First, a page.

'Silence' was the story he was burning to tell. Do you have a story you need to make into a movie?
If you are intrigued by movie making as a career then this class is not for you. So say director Martin Scorsese, who for the first time is teaching an online class in filmmaking.
“But if you need to make movies, if you feel like you can’t rest until you’ve told this particular story that you’re burning to tell, then I could be speaking to you,” continues Scorsese.
The director of Mean Streets, Taxi Driver, Raging Bull, and, most recently, Silence, among other award-winning films, is offering a 20-lesson course for MasterClass, available for $90.
While nobody would call Scorsese a Catholic filmmaker, his religious upbringing has informed his films.
“I’m a lapsed Catholic. But I am Roman Catholic; there’s no way out of it,” the director has said.
For decades the particular story he had been “burning to tell” was based on Shusaku Endo’s novel Silence, about 17th-century Jesuit missionaries in Japan.
Discussing the appeal of the story, Aleteia’s Matthew Becklo reported that Scorsese said, “I knew that it was going to force me to try and face the ultimate question … the teachings of Christ or Christianity itself … that’s what I learned. And I still find myself going back to that. And I found that the ultimate test, and the ultimate search, really, is in this story.”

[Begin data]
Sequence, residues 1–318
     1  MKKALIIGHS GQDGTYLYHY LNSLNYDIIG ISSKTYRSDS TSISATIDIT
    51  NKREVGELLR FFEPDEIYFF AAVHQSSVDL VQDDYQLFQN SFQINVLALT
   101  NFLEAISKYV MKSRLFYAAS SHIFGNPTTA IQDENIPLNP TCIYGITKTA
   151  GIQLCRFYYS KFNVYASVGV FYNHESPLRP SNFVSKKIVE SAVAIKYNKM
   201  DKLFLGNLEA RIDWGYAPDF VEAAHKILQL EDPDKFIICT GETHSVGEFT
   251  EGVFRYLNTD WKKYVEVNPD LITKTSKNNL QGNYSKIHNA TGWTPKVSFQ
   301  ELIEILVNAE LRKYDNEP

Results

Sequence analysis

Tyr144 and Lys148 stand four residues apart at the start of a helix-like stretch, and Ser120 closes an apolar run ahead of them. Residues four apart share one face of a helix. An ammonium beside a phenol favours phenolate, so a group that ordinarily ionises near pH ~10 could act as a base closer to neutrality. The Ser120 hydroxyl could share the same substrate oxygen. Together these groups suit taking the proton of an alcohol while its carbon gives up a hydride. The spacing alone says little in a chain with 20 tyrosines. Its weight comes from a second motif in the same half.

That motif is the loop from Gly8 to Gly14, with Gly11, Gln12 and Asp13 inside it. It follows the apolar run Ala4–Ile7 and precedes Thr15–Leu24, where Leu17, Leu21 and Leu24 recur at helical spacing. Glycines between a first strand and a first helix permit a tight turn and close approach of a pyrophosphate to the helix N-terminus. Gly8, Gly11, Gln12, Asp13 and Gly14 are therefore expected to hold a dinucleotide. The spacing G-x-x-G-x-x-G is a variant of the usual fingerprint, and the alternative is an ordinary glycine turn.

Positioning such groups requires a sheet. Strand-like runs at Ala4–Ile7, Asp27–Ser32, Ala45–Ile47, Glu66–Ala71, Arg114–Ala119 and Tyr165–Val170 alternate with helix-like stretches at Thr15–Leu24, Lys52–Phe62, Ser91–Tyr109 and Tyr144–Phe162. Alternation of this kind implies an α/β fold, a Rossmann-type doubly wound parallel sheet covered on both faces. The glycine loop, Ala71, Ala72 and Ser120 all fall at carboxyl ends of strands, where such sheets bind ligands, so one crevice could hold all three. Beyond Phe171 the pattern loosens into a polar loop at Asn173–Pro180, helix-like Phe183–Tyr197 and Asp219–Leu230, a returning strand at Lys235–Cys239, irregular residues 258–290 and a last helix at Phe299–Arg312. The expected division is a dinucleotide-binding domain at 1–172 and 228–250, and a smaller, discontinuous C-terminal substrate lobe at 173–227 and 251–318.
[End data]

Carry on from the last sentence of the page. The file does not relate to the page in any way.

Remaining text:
“Silence”: Has Scorsese finally found what he was looking for?
Before the movie’s release in 2016, at a screening for 300 Jesuits, Scorsese had a private audience with Pope Francis. The Vatican described the meeting as “very cordial” and the two talked about the experience of missionaries in Japan.
The class, entitled “Learn About the Art of Film,” promises to teach “his approach to filmmaking, from storytelling to editing to working with actors. He deconstructs films and breaks down his craft, changing how you make—and watch—movies.”
Pre-enrollment is available now for the class, which starts in early 2018.
Scorsese’s “Silence” Explores the Mystery of Faith